David Dinsmore, managing editor of the Sun, today claimed that it would have been “perverse” not to have printed the naked pictures of Prince Harry, taken by camera phone while he was on holiday in Las Vegas. The argument is that the pictures are available on the internet and across the world, and it was therefore in the public interest that they be printed in the tabloid.
Leaving aside the needlessness of printing a picture which is indeed widely available online, its appearance in the paper is a huge two-fingered salute to the Leveson inquiry, and everything it stands for and was established to do. There is no public interest which could possibly be served by publishing near-naked pictures of anyone, no matter their rank, position, or who their granny is. However, for the pictures to feature a member of the Royal family is a front-page advertisement of the Murdoch empire’s belief that they are above the law – that they can print what they like in the pursuit of greater profits.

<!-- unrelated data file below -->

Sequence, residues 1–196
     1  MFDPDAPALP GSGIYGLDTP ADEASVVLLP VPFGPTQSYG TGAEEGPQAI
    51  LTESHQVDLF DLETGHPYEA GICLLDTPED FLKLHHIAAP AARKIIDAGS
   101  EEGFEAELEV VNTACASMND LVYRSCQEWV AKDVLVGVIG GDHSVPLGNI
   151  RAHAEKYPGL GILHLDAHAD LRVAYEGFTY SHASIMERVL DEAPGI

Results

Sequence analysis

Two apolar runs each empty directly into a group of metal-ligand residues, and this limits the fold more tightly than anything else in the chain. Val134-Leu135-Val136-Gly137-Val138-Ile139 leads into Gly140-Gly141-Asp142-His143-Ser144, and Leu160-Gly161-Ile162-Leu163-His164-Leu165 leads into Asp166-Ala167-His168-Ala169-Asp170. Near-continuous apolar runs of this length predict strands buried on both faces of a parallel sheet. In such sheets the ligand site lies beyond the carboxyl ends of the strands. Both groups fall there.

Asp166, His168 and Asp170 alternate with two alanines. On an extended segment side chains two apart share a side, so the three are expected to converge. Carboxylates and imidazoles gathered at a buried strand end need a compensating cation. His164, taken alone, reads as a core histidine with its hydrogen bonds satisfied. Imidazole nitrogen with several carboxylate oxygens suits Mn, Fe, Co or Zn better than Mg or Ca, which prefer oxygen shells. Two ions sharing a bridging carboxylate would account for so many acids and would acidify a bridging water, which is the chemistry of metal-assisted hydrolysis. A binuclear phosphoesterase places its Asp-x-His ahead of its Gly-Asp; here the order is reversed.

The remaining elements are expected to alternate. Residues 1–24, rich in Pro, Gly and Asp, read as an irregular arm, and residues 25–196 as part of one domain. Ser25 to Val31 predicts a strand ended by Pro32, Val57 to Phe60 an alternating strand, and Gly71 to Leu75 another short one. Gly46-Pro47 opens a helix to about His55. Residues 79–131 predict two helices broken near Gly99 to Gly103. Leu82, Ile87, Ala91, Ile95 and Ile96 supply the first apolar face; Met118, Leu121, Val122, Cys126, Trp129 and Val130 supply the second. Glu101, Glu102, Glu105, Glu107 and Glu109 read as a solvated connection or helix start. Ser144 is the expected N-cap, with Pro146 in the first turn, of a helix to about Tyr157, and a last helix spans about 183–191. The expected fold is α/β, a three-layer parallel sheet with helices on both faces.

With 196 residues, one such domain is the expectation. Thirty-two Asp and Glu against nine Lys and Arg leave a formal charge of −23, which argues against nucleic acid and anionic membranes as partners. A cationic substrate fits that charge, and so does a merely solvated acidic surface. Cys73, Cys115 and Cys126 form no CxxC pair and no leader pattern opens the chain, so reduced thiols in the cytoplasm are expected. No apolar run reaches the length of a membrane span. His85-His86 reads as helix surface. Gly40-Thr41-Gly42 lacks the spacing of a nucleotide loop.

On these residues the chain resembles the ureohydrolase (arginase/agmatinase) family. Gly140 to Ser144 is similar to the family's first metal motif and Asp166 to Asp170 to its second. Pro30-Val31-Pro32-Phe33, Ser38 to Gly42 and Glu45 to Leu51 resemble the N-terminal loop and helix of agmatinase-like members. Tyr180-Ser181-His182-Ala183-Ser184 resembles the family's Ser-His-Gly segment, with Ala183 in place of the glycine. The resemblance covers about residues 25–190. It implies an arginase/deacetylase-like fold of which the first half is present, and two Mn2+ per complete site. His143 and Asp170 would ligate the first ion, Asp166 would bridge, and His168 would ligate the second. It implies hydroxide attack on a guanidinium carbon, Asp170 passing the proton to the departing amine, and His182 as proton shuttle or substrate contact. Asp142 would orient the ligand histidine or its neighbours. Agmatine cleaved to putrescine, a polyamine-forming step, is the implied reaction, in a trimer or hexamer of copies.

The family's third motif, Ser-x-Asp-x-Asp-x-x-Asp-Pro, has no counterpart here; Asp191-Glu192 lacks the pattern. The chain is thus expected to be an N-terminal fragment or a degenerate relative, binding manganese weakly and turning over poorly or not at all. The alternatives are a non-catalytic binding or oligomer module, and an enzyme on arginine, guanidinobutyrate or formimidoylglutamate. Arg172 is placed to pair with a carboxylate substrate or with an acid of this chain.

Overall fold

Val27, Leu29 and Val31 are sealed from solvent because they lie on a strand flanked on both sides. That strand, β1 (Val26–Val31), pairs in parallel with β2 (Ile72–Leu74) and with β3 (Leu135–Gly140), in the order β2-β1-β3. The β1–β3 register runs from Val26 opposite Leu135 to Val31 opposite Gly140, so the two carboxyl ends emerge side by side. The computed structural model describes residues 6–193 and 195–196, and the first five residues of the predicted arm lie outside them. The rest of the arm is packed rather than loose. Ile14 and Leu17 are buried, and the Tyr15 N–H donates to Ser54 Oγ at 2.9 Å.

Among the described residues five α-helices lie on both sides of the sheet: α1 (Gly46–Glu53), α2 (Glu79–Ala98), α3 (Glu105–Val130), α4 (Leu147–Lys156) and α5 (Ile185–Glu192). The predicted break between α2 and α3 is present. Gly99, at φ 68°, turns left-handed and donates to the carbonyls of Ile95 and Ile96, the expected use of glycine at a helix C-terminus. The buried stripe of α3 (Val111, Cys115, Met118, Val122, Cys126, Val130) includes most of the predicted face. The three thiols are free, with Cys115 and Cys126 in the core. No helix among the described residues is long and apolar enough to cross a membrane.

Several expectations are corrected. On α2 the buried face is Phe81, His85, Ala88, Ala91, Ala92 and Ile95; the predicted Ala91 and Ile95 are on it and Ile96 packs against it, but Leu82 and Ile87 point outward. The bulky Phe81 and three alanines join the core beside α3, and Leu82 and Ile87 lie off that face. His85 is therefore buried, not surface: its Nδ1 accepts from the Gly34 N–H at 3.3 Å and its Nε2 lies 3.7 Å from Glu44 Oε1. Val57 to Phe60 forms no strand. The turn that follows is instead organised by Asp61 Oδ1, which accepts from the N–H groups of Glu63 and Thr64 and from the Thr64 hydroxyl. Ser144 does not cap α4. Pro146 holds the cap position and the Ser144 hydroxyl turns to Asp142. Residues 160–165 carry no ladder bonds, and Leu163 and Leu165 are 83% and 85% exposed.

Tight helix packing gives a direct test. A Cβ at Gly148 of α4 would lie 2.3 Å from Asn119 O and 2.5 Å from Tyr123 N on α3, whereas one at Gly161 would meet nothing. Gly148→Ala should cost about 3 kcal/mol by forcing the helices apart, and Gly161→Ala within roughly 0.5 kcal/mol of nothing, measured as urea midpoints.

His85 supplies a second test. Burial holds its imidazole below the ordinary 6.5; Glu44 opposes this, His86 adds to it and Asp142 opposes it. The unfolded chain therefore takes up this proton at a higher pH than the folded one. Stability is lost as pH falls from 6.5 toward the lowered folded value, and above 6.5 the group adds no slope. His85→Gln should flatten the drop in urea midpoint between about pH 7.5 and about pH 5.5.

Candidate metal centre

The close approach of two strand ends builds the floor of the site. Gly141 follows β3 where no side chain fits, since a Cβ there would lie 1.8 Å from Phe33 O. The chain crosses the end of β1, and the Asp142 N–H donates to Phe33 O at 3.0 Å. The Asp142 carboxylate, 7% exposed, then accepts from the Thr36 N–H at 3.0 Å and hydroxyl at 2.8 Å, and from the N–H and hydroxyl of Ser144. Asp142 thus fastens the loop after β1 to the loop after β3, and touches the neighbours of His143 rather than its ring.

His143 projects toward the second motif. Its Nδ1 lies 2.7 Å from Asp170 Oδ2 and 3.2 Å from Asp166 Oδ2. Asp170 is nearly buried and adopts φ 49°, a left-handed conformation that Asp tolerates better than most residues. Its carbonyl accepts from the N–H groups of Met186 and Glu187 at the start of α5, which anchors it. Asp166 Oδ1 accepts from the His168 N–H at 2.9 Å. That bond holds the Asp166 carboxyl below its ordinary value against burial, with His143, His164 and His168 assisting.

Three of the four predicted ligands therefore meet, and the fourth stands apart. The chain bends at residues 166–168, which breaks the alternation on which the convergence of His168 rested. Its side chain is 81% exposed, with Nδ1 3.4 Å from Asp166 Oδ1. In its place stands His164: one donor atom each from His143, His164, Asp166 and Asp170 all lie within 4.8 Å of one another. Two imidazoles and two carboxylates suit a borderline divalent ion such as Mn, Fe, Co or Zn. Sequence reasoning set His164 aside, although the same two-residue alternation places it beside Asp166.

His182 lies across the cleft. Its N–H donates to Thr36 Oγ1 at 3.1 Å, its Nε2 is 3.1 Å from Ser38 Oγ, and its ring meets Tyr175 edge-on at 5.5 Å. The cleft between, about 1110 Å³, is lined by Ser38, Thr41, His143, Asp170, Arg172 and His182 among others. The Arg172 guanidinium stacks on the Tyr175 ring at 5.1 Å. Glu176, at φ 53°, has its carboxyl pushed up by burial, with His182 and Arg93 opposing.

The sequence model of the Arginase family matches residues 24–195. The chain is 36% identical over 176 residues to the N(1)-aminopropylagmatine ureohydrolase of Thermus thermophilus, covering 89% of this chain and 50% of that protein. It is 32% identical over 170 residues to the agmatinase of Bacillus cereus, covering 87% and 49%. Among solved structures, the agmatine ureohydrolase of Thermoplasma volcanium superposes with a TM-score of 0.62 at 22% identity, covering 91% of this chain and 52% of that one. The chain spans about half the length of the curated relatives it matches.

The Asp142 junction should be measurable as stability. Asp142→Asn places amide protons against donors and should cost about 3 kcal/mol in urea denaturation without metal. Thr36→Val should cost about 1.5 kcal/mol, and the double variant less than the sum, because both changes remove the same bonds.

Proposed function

I am no monarchist, and I couldn’t give two tiny hoots what a single guy in his late 20s does on holiday – he does at least work to earn his own money as well as living off the country – but no-one should have to see their own body in the media unless they willingly agree to it.
Freedom of the press is a good thing. Free speech is vital to a healthy democratic society – but this is not free speech, this is voyeurism.
What is perverse in this situation? I don’t think it’s Harry, and I don’t think it’s a decision not to print.